What We're Reading: Top State Stories 3/14

GA: Plan to scrap Georgia’s electronic voting machines moves forward

A proposal to replace Georgia’s electronic voting machines passed a subcommittee despite concerns that the legislation doesn’t go far enough to safeguard elections. The measure calls for the state to begin using a new voting system with paper ballots in time for the 2020 presidential election. 

WY: Wyoming ‘stand your ground’ bill reaches governor’s desk

A “stand your ground” self-defense bill has been sent to Republican Gov. Matt Mead, who must now decide whether to veto it. The legislation is meant to strengthen and clarify Wyoming’s self-defense laws, but critics worry about restrictions the bill would place on law enforcement and novel legal mechanisms that would be introduced to state statute.

NY: Ex-aide to New York governor found guilty in corruption trial

Joseph Percoco, a former top aide to New York Democratic Gov. Andrew Cuomo, was found guilty of conspiracy to commit honest services wire fraud and solicitation of bribes. Federal prosecutors accused Percoco, Cuomo’s longtime confidant, of accepting more than $300,000 in bribes from three executives from two companies with state business. 

IL: Illinois governor vetoes bill to license gun shops

Illinois Republican Gov. Bruce Rauner vetoed legislation that would have put in place a new state licensing system for gun shops, saying it would be “crushing” to small retailers and impose “burdensome regulations.” The governor said the proposal would create bureaucracy that doesn't really keep communities safer. 

CA: Trump administration signals fight with California over pollution from cars

U.S. Environmental Protection Agency Administrator Scott Pruitt indicated he’s ready to battle California over the amount of allowable emissions of carbon dioxide and other greenhouse gases from tailpipes. California has vowed to follow Obama-era regulations that would force automakers to cut emissions by one-third for new cars sold between 2022 and 2025. 

DE: Delaware state workers not completing mandatory sexual harassment training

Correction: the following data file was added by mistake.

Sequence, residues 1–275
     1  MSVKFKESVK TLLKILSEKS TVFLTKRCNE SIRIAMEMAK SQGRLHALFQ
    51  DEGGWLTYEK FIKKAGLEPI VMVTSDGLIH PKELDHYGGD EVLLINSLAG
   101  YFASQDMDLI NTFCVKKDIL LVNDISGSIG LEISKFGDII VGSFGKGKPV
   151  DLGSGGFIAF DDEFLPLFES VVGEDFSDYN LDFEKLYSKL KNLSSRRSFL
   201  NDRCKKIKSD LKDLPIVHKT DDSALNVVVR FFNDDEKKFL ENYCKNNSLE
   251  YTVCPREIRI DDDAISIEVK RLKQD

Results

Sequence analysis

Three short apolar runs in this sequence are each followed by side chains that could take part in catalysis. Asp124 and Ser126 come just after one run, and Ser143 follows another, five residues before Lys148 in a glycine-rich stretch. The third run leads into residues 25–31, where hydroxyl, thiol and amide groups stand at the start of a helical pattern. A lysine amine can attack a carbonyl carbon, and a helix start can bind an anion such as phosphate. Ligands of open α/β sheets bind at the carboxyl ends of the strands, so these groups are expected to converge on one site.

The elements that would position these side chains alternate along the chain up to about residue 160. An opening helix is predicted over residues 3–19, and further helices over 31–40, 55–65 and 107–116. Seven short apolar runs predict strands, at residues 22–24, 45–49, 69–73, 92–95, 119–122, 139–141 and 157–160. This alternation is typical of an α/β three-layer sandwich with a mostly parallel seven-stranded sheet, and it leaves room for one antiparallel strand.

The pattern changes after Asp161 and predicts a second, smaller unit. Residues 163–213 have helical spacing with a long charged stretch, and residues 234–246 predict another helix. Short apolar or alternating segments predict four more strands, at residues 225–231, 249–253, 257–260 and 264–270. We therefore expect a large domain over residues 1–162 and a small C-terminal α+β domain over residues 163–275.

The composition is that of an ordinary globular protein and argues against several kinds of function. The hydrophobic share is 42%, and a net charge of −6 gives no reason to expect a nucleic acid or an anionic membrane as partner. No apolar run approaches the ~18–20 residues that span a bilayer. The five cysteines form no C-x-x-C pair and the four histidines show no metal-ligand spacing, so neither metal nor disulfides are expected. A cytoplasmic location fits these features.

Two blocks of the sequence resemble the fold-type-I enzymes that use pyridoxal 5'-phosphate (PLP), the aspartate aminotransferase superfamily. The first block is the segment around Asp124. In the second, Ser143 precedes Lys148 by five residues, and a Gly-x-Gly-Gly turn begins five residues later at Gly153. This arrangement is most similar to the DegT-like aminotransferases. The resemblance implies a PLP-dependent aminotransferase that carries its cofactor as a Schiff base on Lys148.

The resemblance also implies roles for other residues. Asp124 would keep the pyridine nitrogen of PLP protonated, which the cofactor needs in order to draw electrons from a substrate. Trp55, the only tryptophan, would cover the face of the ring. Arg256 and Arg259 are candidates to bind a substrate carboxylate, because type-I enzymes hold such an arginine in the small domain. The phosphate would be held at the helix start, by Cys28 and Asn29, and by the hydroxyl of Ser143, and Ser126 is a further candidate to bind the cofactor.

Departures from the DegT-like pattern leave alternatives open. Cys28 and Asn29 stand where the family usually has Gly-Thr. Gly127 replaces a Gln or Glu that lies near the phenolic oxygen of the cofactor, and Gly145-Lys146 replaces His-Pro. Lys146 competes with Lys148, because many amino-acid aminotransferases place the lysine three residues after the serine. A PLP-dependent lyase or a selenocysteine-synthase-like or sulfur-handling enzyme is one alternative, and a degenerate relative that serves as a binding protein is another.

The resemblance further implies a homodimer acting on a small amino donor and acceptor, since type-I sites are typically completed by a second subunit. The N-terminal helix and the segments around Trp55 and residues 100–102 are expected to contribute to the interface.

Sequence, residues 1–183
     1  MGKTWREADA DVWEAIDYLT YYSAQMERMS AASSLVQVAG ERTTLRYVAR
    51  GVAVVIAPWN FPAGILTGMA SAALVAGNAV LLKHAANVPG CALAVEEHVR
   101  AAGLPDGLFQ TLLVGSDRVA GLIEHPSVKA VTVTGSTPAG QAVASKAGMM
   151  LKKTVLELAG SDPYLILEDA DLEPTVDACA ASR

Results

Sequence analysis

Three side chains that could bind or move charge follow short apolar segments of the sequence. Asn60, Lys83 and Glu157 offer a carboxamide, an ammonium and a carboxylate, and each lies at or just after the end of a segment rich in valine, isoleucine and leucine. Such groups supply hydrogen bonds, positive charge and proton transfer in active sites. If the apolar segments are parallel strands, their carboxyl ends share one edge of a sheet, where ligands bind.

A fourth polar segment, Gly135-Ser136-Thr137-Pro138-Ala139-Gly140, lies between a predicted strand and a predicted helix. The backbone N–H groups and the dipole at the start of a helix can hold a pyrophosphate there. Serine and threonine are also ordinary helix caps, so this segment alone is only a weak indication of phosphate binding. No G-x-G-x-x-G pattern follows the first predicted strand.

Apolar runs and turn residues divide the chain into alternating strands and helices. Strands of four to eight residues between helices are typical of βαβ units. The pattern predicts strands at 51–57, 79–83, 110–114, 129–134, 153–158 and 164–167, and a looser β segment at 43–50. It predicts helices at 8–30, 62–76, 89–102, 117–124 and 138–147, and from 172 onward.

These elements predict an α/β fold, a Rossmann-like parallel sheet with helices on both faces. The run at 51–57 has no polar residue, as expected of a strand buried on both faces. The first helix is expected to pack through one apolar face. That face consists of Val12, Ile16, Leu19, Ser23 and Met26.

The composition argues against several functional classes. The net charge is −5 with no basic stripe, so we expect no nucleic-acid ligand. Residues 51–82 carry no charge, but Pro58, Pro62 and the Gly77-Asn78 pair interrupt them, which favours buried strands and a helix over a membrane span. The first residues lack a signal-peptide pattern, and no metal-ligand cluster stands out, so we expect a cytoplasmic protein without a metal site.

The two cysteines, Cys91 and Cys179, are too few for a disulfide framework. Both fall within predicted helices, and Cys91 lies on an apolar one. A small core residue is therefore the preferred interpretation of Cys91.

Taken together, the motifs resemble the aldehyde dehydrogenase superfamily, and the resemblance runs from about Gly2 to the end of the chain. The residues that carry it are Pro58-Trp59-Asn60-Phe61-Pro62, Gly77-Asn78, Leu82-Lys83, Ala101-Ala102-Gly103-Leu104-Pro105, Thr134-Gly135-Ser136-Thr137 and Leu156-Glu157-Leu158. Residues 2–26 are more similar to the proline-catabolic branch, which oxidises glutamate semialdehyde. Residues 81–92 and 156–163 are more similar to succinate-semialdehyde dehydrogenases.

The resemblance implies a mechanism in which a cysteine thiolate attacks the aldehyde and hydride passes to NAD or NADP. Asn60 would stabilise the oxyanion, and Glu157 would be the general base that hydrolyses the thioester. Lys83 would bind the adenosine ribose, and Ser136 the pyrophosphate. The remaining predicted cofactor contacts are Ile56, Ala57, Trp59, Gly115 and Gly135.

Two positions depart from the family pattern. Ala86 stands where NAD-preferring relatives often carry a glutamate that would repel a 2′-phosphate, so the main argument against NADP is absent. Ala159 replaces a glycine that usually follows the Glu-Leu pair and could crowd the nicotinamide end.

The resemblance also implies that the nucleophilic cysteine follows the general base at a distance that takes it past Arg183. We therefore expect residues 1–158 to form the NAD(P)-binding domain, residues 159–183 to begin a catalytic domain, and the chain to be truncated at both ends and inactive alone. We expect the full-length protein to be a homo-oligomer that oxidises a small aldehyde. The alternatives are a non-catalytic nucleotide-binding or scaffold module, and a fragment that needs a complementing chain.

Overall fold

Hundreds of Delaware state employees have not completed the training or even acknowledged receiving a copy of the state's newest policy barring such behavior, according to a new report. Training intended to prevent sexual harassment among state workers became mandatory last year under an executive order issued by Democratic Gov. John Carney. 

FL: Private voucher schools in Florida still free to hire teachers without degrees

Florida private schools that take state scholarships are still free to do what public schools cannot — hire teachers who haven’t earned bachelor’s degrees — under a new law signed by Republican Gov. Rick Scott. 

NV: Nevada governor creates a school safety task force

Nevada Gov. Brian Sandoval, a Republican, has announced that he will create a task force to recommend a series of school safety initiatives for inclusion in the final state budget prepared on his watch. He announced the move in the aftermath of the shooting at a Parkland, Florida, high school last month that left 17 dead. 

MI: Sexual assault prevention bills face growing opposition in Michigan

The Michigan Senate has delayed plans to begin debating sexual assault prevention legislation amid intense lobbying from university, local government and business groups who fear the sweeping package could spark a wave of expensive and difficult litigation.  

CO: Marijuana legalization helped Colorado county’s economy, study says

A new report from researchers at Colorado State University-Pueblo finds that the marijuana industry provided a net positive economic benefit of $35 million to Pueblo County in 2016, even when accounting for demands on law enforcement and social services. The report estimates the net impact will rise to nearly $100 million a year by 2021. 

IA: Iowa Senate votes to extend statute of limitations for child sex abuse claims

The Iowa Senate voted to extend the statute of limitations for lawsuits alleging child sexual abuse. The provision extends the statute from four years after discovery to 25 years if the discovery was made after the age of 18. 

CT: Connecticut Legislature has the votes to override housing veto

The General Assembly dealt a blow to Connecticut Democratic Gov. Daniel Malloy’s housing agenda after legislators voted narrowly to override his veto of a bill that loosens the state’s affordable housing standards.

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